Geothermal energy is obtained by taking advantage of the natural heat inside the earth to feed heating, cooling and hot water installations in homes. Because it is economical and friendly to the environment, some experts say that it is the renewable energy of the 21st century.
Even the College of Geologists in Spain has asked the government to promote this type of energy for residential uses, hospitals or offices. Many other countries in Europe have already implemented it with successful results.
And although it is not sufficiently recognized, in recent years more people have become aware of its advantages, since on average it achieves savings of more than 70% of consumption. The equipment has a long service life and practically does not require maintenance because there is no combustion, they are also not noisy and do not emit odors.
In Spain there is no official record of thermal renewable energies, however, the director of the company Girod Geotermia, Miguel Madero, estimated that by October 2016 there were about 2,000, according to an article published in "El País".
Unfortunately the ignorance of the population and the presumption that it is a system of highly elevated costs, has played against so that this type of renewable energy has more followers.
Madero exposes a personal experience; explaining that, as the owner of a chalet that has the first geothermal installation underground, it saves around 3,000 euros a year, which would be spent if it used a gas boiler and a conventional air conditioning.
According to "El Pais" sources, more than 90% of the equipment of this type has been installed in single-family homes and the rest in cooperative buildings. Last year, the largest geothermal installation in Spain was inaugurated in the cooperative EAI 310, which plans to amortize the installation, with 70 collectors, in a period of 7 to 9 years, according to the explanation of the architects who coordinate the project .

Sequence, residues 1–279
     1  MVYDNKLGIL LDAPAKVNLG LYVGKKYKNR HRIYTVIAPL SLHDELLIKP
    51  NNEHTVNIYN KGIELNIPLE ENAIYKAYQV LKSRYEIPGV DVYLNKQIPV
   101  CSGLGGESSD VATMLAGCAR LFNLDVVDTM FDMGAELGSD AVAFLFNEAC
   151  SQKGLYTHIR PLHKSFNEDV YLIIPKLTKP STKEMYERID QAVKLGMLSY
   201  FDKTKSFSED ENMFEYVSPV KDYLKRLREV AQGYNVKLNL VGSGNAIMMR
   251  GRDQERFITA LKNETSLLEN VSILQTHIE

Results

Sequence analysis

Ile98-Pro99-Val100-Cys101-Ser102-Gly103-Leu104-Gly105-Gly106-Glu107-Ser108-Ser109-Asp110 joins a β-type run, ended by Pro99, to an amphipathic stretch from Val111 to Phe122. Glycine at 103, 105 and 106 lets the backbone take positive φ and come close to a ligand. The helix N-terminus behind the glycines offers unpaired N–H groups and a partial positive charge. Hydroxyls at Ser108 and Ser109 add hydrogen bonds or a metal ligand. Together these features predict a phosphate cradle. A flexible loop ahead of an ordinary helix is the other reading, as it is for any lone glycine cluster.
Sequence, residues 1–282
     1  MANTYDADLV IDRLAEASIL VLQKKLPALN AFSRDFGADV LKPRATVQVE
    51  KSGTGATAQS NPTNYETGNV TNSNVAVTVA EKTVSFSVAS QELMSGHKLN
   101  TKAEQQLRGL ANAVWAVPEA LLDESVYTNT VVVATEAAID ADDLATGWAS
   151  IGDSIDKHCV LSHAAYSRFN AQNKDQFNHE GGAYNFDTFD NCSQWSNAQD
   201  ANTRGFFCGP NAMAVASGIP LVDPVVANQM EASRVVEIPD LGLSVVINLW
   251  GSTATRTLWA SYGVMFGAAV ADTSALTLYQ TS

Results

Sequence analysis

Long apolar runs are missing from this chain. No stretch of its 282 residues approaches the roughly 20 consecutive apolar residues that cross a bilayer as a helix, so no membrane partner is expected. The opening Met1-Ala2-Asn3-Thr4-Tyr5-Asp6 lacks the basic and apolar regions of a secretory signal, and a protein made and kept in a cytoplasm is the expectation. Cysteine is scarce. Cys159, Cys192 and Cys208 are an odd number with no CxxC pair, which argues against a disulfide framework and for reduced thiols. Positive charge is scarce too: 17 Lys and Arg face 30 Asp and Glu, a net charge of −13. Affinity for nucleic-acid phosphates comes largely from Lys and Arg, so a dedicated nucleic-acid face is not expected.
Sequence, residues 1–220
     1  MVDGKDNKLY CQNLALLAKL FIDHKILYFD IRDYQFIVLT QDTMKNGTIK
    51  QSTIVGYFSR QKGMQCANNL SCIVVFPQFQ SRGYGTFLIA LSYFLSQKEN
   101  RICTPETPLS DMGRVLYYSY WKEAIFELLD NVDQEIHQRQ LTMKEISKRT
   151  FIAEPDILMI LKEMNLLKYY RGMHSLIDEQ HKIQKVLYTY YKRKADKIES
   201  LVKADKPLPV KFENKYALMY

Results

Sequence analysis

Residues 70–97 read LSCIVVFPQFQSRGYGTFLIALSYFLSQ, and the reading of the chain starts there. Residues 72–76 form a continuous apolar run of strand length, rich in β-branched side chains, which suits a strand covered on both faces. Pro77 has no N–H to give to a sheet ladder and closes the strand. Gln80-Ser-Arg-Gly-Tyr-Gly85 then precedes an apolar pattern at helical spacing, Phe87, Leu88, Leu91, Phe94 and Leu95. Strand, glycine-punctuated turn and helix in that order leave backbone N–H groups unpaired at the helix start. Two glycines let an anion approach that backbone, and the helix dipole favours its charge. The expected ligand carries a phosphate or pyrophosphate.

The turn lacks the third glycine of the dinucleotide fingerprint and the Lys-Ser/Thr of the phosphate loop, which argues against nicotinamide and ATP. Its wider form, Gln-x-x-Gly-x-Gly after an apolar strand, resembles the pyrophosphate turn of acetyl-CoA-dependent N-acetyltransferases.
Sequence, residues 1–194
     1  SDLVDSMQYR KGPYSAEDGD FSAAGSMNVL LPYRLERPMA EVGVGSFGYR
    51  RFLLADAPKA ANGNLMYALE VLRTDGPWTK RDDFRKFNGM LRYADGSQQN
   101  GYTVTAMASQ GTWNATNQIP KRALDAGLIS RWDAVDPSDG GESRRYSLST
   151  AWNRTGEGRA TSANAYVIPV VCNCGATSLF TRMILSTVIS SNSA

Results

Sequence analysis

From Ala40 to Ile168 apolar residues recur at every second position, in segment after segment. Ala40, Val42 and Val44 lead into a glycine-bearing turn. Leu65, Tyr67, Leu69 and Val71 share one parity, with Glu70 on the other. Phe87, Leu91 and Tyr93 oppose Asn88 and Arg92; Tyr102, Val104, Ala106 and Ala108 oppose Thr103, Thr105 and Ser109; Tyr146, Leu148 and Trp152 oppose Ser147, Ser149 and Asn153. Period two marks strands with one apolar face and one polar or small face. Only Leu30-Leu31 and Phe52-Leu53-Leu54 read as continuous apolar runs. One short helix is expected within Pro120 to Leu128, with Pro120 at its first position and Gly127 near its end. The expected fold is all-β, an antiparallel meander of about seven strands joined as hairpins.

Margarita de Gregorio, geothermal director of the Association of Renewable Energy Companies, explained to El País that the mechanism of this system works with buried collectors that extract heat from the land and with a heat pump (located inside the building) who transmits it or transports it to the building or home in winter. On the contrary, in summer the house is cooled by transferring heat to the ground through the same exchange circuit.
The specialists explain that, the larger a house, the greater number of holes will have to be made and the deeper the ground, for which it is also essential to carry out a preliminary study.
There are different types of catchment: vertical wells, horizontal uptake and uptake in groundwater.
Currently, the most common catchment system is that of vertical wells. Although it is more expensive, its application is more practical, since they require much less space and at the same time have a higher performance, because the capture probes go deeper where the temperature of the subsoil is more stable throughout year.
For a detached house with a climate without major changes, often with one or two probes it is possible to heat a house, without the need of support from other heating systems.
Horizontal systems, although cheaper, are not as frequent, because they are more vulnerable to external changes in temperature and have lower performance.
Meanwhile, the phreatic catchments can only be executed in certain areas with constantly renewed water aquifers. Unlike the previous captures that are closed circuits, these are open systems that capture the water in a first well, to release it later in a second well downstream of the first or a certain distance.
Invest for the future:
Madero said in the aforementioned report that the initial investment for geothermal energy continues to represent an obstacle for new users, since the cost is similar to the value of installing solar panels, boiler and air conditioning in the house.
"A geothermal installation (soundings, technical room and underfloor heating) can be between 25,000 and 30,000 euros, depending on many factors," says the company Ecoforest that sells air, water and duct stoves.